The opinion of the court was delivered by: United States District Judge David G. Larimer
On March 28, 2002, this Court granted summary judgment in favor of all defendants in this civil rights action against the Rochester City School District ("District"), the Rochester Teachers Association ("RTA"), and a number of individual defendants. The District, and the individual defendants associated with the District, as prevailing parties, now move for an award of attorney's fees against plaintiff, Pamela Eaton, under the fee-shifting provisions of 42 U.S.C. §§ 1988, 2000e-5(k), and 12205.*fn1 For the following reasons, the motion is denied.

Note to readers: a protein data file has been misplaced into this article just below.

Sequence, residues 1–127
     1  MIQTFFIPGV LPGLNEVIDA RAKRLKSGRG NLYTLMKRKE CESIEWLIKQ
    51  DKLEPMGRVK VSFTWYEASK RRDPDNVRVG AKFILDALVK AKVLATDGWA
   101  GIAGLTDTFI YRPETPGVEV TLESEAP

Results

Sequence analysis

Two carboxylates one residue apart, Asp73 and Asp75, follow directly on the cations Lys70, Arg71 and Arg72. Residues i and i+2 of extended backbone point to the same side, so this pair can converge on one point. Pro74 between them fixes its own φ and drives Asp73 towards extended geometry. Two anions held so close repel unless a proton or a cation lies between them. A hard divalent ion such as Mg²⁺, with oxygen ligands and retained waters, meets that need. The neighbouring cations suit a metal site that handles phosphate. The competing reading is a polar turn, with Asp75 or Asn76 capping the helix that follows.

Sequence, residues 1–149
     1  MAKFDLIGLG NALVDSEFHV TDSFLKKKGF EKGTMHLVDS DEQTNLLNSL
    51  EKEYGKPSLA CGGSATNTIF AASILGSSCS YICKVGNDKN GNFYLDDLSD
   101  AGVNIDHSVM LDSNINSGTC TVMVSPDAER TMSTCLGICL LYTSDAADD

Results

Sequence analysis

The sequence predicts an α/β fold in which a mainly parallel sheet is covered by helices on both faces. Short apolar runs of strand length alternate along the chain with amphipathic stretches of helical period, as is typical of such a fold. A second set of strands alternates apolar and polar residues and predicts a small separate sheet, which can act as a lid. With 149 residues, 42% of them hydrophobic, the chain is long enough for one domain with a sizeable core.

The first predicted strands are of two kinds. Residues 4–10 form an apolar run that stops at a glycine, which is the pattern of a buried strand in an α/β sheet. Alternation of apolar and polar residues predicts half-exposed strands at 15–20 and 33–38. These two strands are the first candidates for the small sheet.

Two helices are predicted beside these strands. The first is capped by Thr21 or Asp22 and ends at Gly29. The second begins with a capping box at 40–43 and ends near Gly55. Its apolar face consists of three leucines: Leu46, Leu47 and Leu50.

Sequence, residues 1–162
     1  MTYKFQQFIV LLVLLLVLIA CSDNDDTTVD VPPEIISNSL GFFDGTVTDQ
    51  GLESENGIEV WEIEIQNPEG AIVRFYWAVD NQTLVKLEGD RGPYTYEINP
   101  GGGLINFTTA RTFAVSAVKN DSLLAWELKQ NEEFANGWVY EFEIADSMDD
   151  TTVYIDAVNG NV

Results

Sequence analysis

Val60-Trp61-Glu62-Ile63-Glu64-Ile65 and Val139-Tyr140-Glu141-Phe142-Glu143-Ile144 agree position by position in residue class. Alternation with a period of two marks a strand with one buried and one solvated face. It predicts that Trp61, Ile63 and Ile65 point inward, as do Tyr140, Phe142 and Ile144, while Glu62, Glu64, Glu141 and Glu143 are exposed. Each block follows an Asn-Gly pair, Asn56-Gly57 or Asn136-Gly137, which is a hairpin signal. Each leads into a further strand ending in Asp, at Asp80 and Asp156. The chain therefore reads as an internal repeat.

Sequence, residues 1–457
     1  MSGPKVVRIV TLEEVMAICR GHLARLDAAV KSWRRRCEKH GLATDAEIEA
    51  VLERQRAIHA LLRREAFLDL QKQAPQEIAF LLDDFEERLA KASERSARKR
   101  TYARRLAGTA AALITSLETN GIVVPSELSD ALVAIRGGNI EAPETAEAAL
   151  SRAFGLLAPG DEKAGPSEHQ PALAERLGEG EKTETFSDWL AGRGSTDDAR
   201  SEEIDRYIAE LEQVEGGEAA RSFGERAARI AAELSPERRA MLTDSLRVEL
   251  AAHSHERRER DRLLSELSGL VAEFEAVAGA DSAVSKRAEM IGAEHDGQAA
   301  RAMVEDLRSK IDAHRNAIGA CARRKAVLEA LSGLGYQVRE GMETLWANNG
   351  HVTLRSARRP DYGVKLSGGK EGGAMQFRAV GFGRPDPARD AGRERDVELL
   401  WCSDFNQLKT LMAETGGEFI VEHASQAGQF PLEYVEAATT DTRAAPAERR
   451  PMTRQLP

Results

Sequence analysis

Awarding fees to a prevailing defendant is not mandatory; the relevant statutes provide that such an award may be made within the discretion of the court. See 42 U.S.C. § 1988(b) ("In any [civil rights action under] ... this title, ... the court, in its discretion, may allow the prevailing party ... a reasonable attorney's fee as part of the costs"); 42 U.S.C. § 2000e-5(k) ("In any action or proceeding under this subchapter the court, in its discretion, may allow the prevailing party ... a reasonable attorney's fee ... as part of the costs"); 42 U.S.C. § 12205 ("In any action ... commenced pursuant to this chapter, the court ..., in its discretion, may allow the prevailing party ... a reasonable attorney's fee, including litigation expenses, and costs").